Posted on | March 10, 2009 | 7 comments
President Obama ought to invoke the cyber equivalent of the Monroe Doctrine to repel rising Internet attacks against America.
So testified Oracle’s tough-talking Chief Security Officer, Mary Ann Davidson, at a Congressional hearing today.
History refresher: Back in 1823, President James Monroe decreed that any attempt to extend foreign political systems onto U.S. soil would be considered an act of aggression requiring U.S. intervention. Simple as that. Monroe sought to repel European imperialists bent on colonizing chunks of the tenuously-governed Americas.
It worked. The Monroe Doctrine became a key tenet of U.S. foreign policy invoked by Calvin Coolidge, Herbert Hoover and John F. Kennedy.
Fast forward to 2009: Foreign cybercrime lords areÃ‚Â colonizing U.S. computers and networks with impunity, due to the tenuous state of cyber defenses.
“We are in a conflict, some would call it war,” Davidson testified before the House Subcommittee on Emerging Threats, Cybersecurity, Science & Technology. “Let’s call it what it is. Given the diversity of potentially hostile entities building cadres of cyberwarriors, probing our systems for weakness, infiltrating government networks and making similar attempts against businesses and critical industries, including our defense systems, is there any other conclusion to be reached?”
A call to defend U.S Ã¢â‚¬Ëœcyberturf ‘
The hearing was held to get a mid-way status report of a 60-day review of U.S. cybersecurity policy being conducted by management collaboration expert, Melissa Hathaway.
“The advantages of invoking a Monroe-like Doctrine in cyberspace would be to put the world on notice that the US has cyberturf, and that we will defend our turf,” Davidson testified. “We need to do both — now.”
Davidson’s call to arms was reinforced by testimony from David Powner, GAO’s director of IT management issues; Scott Charney, Microsoft Vice President of Trustworthy Computing; Jim Lewis, director of the Center for Strategic and International Studies; and Amit Yoran CEO of security firm NetWitness.
The experts delivered a wide range of proof points showing how American citizens, businesses and governments have been under rising cyberattacks for several years.
Yoran, a former senior official in the Department of Homeland Security, testified that the U.S. has been “experiencing a 9/11 in cyber attacks” for a number of years. “Because there is no visible catastrophic outcome, we lie in bed at night asleep without realizing how much damage is being done.”
Underscoring this Last Watchdog investigation of corporate intrusions, the GAO’s Powner noted that foreign nations and criminals are targeting organizations “to gain a competitive advantage and potentially disrupt or destroy them,” and also pointed out “that terrorist groups have expressed a desire to use cyberattacks as a means to target the United States.”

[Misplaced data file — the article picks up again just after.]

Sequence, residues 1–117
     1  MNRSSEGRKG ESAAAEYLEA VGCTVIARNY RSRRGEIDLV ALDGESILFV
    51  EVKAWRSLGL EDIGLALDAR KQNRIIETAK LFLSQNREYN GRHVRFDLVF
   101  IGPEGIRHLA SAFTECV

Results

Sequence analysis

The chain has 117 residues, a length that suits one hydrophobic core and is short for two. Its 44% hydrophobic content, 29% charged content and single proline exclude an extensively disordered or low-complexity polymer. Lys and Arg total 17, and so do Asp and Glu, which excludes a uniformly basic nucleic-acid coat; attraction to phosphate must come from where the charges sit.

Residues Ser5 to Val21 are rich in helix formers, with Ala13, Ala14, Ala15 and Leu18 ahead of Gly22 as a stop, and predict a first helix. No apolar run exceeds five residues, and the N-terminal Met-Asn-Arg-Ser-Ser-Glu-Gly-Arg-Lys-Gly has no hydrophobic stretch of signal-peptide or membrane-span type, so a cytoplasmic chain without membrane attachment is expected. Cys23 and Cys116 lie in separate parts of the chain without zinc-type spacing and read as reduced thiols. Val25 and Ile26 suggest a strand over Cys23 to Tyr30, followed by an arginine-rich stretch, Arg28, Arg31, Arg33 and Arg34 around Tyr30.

Truly comprehensive plan needed
The experts agreed that there is a dire need for a truly comprehensive cyber security plan – one that involves public/private partnerships and global cooperation.
One of the top recommendations of the CSIS bi-partisan commission that spend more than a year culling cybersecurity ideas to deliver to the 44th president was a call for regulation. The private sector “will never deliver adequate security and the government must establish regulatory thresholds for critical infrastructure,” testified Lewis, CSIS director and senior fellow.
Charney, the Microsoft executive and aÃ‚Â co-chair of the CSIS bi-partisan commission, cautioned that regulation must be carefully “tailored.”
“Finding the required balance will be difficult,” said Charney. “But if we fail to use regulation to improve our national cybersecurity, if we do not identify mandatory actions to secure the digital infrastructure, the Obama administration will have no more success than any of its predecessors.”
The experts also were unanimous about there being a singular entity best-suited to shaping and implementing such a plan: the White House.
“Only the White House has the authority to bring many large and powerful agencies to follow a common agenda and to coordinate with each other,” said Lewis. “The White House and only the White House can set strategy and policy, ensure that agencies are following them and resolve agency disputes.”
Attending the hearing was Rod A. Beckstrom, who just resigned from a key cybersecurity post in the Department of Homeland Security. Co-author of a best-selling management book, The Starfish and the Spider, Beckstrom could not escape smothering controls put on him by the National Security Agency.
Rep. Bennie Thompson D-Miss., and Rep. Yvette Clarke D-New York, acknowledged Beckstrom. Clarke called Beckstrom’s resignation “an unfortunate loss.” Thompson made note of “ineffective leadership, unclear organizational structure and poorly defined roles” demonstrated by federal agencies and corporations trying futilely to put up a cyber defense.
“I along with many of my colleagues were optimistic when Mr. Beckstrom was brought on to lead the National Cyber Security Center,” said Thompson. “He has organizational expertise. He has worked extensively with the private sector. But Mr. Beckstrom did not have experience working miracles. ”
Portrait of James Madison
Photo of Mary Ann Davidson